“Yom Kippur shall be a holy convocation to you . . . .”
On this day the shofar is sounded, a sober reminder of the ram that was caught in the thicket and slaughtered instead of Isaac. It was Isaac who inquired of his father Abraham, when ascending the mount shouldering the wood for the offering: “Where is the sheep offering?”
Abraham’s response may fairly be translated, “God will provide Himself a lamb offering.” This curious response, coupled with Abraham’s prior direction to his servants saying, “wait here [at the bottom of the mount] and “we will worship and we will return to you,” gave a hint of what actually was to transpire. Apparently, Abraham, though intending to sacrifice his son as instructed by God, possessed the faith to believe that God would raise his son, Isaac, from the dead.
Isaac was not raised from the dead; rather, he was spared from sacrifice in the first place, spared to carry out the Messianic lineage that would eventually produce Yeshua, our savior. Yeshua’s sacrifice mirrors in some small part the sacrifice of ram in the passage, as He substitutes Himself to take the punishment of our sins. But he also does what Isaac did not—dying and being raised from the dead. Abraham says, “God will provide Himself a lamb offering,” and in fact, God did provide Himself, such that that He so loved the world that He gave his only begotten Son, Yeshua, the Lamb of God, as the substitutionary offering. In a sense we are all Isaac, who were spared by God’s atoning sacrifice.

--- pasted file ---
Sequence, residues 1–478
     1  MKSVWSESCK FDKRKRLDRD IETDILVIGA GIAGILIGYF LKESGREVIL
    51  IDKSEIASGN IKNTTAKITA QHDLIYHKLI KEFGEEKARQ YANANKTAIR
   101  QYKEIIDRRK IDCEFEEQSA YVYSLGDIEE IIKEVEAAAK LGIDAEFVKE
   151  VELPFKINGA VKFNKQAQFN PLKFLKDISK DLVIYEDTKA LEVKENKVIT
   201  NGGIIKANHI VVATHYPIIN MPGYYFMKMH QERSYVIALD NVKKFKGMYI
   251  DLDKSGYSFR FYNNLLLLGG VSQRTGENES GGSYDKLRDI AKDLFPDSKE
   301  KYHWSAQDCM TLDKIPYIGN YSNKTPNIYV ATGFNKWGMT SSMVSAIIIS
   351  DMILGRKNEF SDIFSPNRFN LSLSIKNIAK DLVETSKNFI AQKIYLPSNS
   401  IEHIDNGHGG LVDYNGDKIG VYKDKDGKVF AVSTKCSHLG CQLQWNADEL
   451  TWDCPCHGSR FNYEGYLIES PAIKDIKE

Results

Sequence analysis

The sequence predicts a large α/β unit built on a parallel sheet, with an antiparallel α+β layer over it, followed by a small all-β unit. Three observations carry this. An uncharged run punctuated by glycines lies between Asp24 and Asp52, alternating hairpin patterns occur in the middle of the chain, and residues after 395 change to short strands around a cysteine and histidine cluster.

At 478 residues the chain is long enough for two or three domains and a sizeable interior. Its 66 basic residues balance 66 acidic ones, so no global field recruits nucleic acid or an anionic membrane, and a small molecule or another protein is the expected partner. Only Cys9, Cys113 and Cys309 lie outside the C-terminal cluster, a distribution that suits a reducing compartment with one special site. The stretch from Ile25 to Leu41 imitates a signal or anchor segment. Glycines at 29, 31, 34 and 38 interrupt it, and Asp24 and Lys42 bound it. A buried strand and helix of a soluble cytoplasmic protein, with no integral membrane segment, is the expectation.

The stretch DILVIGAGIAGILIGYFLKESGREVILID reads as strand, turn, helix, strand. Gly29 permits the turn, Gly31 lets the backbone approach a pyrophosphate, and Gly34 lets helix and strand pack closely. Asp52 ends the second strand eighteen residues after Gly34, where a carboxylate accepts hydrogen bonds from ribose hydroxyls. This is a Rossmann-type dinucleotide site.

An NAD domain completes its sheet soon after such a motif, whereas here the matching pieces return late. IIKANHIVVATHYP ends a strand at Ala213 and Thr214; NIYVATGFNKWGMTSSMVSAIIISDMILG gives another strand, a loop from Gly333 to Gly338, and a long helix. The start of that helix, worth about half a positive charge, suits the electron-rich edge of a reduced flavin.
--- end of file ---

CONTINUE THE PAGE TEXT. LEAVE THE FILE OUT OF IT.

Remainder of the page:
Therefore, we have the utmost confidence that we will be sealed in the Book of Life, clothed in righteousness by Yeshua’s selfless sacrifice. Yom Kippur may become a solemn holiday wherein we reflect on the nature of our sins, plead with God for forgiveness, and give thanks for our security in Messiah Yeshua.
This article was written by MJTI CFO Rabbi Elliot Klayman. For more by Rabbi Klayman, read his article Yeshua: The Sukkah of God, his poem “This Rosh Hashanah Day of Old,” or his thoughts on whether COVID-19 is a sign of the end times.
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